How to Manage Pests

Pests in Gardens and Landscapes

Phytophthora root rot—Phytophthora citrophthora and P. parasitica

Phytophthora root rot causes a slow decline of trees. Leaves may turn dull green or yellow and may drop. The center of the root turns soft. Uptake of water and nutrients will be severely limited. The tree will grow poorly, stored energy reserves will be depleted, and production will decline.


The key factor in reducing the threat of root and crown rot is good water management. Good soil drainage is best provided before planting. Plant on mounds made by working up the soil. Never cover the graft union with soil and do not water the crown area directly. If you suspect crown rot, carefully cut away affected bark at the soil line. Trees can sometimes be saved by removing soil from the base of the tree down to the tops of the main roots and allowing the crown tissue to dry out. Tolerant rootstocks may help prevent infection.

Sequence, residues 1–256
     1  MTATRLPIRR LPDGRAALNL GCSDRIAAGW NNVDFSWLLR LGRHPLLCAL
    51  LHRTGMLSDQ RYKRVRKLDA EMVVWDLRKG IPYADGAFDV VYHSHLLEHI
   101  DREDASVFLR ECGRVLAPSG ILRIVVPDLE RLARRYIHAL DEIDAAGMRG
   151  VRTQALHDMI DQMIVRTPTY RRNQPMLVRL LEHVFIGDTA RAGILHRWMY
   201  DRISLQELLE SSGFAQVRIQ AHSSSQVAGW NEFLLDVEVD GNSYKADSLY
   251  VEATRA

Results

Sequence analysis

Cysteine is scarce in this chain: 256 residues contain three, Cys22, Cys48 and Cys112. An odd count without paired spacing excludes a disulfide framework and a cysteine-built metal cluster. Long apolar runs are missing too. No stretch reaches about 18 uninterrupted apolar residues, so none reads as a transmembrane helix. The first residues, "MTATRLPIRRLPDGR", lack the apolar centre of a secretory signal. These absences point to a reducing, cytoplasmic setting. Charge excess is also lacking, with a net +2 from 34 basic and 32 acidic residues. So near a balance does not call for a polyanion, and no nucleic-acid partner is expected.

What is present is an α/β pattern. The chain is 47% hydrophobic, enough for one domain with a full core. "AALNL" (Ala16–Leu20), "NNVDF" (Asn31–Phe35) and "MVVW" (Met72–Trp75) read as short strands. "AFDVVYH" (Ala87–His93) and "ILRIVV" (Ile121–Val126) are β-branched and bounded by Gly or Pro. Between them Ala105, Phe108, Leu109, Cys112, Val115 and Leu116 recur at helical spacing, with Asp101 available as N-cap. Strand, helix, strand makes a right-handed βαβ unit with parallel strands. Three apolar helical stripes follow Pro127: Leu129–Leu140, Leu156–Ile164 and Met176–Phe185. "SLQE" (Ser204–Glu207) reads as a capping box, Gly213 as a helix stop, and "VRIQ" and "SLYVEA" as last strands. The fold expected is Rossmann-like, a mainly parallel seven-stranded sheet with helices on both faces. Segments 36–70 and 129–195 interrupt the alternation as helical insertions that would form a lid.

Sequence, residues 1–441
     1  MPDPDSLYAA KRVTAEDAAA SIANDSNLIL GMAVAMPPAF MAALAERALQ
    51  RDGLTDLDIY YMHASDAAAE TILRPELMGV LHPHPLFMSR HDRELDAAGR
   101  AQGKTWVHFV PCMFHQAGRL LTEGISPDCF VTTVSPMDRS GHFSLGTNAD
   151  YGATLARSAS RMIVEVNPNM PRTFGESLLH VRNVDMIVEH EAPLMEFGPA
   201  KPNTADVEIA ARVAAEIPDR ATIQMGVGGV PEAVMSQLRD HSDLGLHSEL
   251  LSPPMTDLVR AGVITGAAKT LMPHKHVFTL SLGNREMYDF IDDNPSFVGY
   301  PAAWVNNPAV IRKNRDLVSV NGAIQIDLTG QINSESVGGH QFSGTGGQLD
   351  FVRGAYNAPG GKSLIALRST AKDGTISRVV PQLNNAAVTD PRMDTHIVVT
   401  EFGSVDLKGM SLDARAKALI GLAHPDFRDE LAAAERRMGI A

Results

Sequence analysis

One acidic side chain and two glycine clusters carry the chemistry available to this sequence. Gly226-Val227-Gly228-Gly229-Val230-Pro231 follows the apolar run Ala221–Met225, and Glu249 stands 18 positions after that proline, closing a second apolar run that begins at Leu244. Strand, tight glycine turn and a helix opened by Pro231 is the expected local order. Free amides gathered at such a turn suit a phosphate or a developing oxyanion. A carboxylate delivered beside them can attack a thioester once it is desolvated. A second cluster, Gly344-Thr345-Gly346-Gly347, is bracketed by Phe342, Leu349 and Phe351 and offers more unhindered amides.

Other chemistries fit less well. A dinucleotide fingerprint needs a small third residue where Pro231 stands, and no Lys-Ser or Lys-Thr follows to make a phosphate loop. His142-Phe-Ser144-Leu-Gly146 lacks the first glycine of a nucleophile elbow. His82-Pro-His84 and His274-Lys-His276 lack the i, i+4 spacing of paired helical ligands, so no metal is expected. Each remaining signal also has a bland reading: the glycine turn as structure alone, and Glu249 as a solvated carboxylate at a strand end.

For more information, see the Phytophthora Root and Crown Rot Pest Note.

Brownish streaks
Brownish streaks in infected roots

Statewide IPM Program, Agriculture and Natural Resources, University of California
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